When studying Beat Streuli's photographs, one or two viewers might be tempted to think "I could do that, too." Or, to put it a little more bluntly: "Why are these photographs hanging on the wall there supposed to be so much better than my own snapshots?" Streuli is not surprised by such responses. He is not afraid of contact with the broader public. And one of the things he particularly likes about photography is that, unlike media which rely on complex technology, it is easy to use and easy to view. Millions of hobby photographers cannot be wrong.
But what exactly are the photographs hanging there on the wall? Most of them are of people, shots Streuli has taken over the past ten years on the shopping streets of the world’s big cities: in London, Tokyo, New York, Sydney, etc. Contemporary social portraits, a heterogeneous mix of people, repeatedly featuring the local urban youth. The photos look as if they have been staged, but actually they have not. Streuli does not approve of working with models, preferring to use a telephoto lens instead. Although he is not really hidden, he does work from a distance. And people do not notice that they are being photographed.
Admittedly there is an element of voyeurism involved here. The camera allows us an insight into other people's lives – specifically because Streuli only presses the shutter release when the people think no-one is looking at them. To be more precise, when they let the mask of their public persona slip in order to be alone with themselves for a moment. The photographer is fascinated by the thrill of the quotidien. And in his portrait work he endeavors to find it in the tension between public anonymity and complete self-absorption.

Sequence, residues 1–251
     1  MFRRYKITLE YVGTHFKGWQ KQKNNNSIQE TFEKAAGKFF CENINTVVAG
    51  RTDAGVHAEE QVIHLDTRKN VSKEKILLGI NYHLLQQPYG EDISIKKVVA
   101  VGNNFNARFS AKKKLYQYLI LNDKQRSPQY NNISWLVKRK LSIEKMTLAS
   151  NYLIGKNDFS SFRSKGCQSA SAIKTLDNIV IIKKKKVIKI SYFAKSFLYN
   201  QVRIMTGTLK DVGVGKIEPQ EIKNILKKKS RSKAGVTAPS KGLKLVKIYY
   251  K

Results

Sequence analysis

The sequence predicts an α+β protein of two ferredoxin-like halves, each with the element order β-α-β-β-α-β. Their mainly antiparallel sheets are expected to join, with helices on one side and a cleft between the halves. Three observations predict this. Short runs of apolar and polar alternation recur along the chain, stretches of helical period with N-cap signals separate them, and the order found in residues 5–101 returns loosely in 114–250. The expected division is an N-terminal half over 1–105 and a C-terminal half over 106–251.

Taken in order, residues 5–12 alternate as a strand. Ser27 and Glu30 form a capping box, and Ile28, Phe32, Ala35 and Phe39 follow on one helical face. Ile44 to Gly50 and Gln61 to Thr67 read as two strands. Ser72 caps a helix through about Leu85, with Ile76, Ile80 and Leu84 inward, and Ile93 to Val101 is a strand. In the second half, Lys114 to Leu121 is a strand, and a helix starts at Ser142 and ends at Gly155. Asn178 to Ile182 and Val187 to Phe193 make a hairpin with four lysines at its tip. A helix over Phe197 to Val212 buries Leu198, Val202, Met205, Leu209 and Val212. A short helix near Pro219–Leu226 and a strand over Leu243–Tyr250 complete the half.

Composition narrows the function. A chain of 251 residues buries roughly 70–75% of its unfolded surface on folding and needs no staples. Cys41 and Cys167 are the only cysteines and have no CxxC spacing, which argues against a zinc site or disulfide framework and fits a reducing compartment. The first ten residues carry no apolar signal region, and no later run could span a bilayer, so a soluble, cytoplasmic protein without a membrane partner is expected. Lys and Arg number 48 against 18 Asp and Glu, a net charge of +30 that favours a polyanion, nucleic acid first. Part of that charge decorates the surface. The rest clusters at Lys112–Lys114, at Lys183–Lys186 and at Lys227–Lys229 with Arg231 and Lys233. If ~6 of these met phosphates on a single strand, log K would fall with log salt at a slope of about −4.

Nothing is more interesting than reality, or so Streuli's pictures seem to say. But it would be wrong to think that it is possible to capture this reality simply by taking a picture. "If you hang a real snapshot on the wall, you'll notice the difference," explains Beat Streuli. "Hundreds of thousands of chance elements will get in the way and prevent reality from looking realistic." Indeed, just as the photos are the product of careful reflection, so, too, their presentation is the result of compositional deliberation. Streuli opts for large-format projections, poster work, and video installations to heighten the natural quality of the images. And increasingly frequently, he also exhibits them where he originally took them: on the street.
born in Altdorf, Switzerland
Schule für Gestaltung in Basel and Zürich
lives in Brussels